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Hawaiian prosecutor appointed to appeals court judge vacancy

By JENNIFER SINCO KELLEHER

The Associated Press

HONOLULU — Hawaii Gov. David Ige on Friday selected a Native Hawaiian prosecutor and former high school teacher for an appeals court judge vacancy after he initially appointed a white man who faced criticism over equitable racial and gender representation on the state’s highest courts.

The appointment of Sonja McCullen, a deputy Honolulu prosecuting attorney and former Waianae High School teacher, is subject to state Senate confirmation.

McCullen was among six nominees for the Intermediate Court of Appeals on a list submitted to Ige by the state Judicial Selection Commission.

Ige initially selected Daniel Gluck, the executive director of the Hawaii Ethics Commission, prompting the House Native Hawaiian Caucus to send Ige a letter saying there are “no native Hawaiian, Filipino, Pacific Islander, or African American judges at the Supreme Court or the ICA.”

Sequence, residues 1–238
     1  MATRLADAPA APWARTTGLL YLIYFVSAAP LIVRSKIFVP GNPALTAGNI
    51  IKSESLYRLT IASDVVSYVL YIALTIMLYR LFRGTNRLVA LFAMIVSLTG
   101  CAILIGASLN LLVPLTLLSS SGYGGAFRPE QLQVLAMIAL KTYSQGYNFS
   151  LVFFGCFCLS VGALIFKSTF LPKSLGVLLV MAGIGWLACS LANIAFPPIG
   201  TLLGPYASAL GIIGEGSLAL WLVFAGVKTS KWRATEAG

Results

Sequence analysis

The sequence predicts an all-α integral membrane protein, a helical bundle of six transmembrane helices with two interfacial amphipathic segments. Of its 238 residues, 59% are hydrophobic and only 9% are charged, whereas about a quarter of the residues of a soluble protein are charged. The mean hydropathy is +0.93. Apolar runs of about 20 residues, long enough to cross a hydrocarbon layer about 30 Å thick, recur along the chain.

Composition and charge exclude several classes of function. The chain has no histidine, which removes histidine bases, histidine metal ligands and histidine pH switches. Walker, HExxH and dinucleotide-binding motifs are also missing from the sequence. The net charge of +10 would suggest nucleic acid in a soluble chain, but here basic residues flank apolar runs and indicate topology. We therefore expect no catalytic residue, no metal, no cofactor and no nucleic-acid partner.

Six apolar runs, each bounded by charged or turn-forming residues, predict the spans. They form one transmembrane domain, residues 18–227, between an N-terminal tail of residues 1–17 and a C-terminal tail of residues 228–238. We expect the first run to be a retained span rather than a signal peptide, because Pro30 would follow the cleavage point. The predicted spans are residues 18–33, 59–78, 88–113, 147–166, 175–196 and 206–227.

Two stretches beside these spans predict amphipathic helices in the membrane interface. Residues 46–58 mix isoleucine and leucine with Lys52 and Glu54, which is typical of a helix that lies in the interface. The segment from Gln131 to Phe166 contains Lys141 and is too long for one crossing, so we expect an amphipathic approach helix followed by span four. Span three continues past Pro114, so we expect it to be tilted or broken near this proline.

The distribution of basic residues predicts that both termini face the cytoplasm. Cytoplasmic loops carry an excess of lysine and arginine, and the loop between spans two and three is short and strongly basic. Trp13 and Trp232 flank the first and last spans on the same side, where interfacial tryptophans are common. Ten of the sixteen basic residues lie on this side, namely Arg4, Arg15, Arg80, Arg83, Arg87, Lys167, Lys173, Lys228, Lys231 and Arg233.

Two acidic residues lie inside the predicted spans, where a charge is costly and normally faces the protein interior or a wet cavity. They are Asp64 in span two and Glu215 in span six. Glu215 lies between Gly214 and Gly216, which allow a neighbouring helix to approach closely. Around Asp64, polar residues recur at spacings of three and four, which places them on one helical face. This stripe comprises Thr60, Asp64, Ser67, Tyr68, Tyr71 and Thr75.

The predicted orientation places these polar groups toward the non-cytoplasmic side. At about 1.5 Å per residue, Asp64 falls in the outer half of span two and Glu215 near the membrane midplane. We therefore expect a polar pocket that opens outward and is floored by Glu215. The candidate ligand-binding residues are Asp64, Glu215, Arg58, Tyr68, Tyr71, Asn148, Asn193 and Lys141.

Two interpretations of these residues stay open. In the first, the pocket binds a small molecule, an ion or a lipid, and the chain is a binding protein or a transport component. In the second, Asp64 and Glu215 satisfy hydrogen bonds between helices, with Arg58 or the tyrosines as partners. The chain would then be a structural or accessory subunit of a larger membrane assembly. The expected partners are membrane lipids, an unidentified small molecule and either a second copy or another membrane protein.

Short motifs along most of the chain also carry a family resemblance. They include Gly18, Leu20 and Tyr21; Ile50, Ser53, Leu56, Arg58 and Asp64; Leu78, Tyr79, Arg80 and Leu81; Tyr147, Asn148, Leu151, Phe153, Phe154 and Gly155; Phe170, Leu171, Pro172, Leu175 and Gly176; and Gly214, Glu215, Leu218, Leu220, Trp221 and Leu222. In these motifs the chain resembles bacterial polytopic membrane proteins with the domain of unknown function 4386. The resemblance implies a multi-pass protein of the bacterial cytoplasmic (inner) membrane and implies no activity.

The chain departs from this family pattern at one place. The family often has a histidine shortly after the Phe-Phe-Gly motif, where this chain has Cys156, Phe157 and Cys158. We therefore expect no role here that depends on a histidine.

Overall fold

Some critics said it’s been 30 years since a Native Hawaiian was appointed to the Intermediate Court of Appeals and 20 years since a Native Hawaiian was appointed to the state Supreme Court.

The Senate Committee on the Judiciary voted not to recommend the Senate consent to appointing Gluck.

Gluck attempted to withdraw his name from the confirmation process, but doing so would have created confusion over how the next appointment would be made. The Senate went ahead and voted not to consent to his appointment, which allowed the governor to make another appointment from the five remaining nominees.

McCullen has a been a deputy prosecuting attorney for 11 years, most recently in the appellate division, Ige said in a news release announcing her appointment.

She was a social studies, Hawaiian studies and Hawaiian language teacher at Waianae High School from August 1994 to July 1999, according to the governor’s office.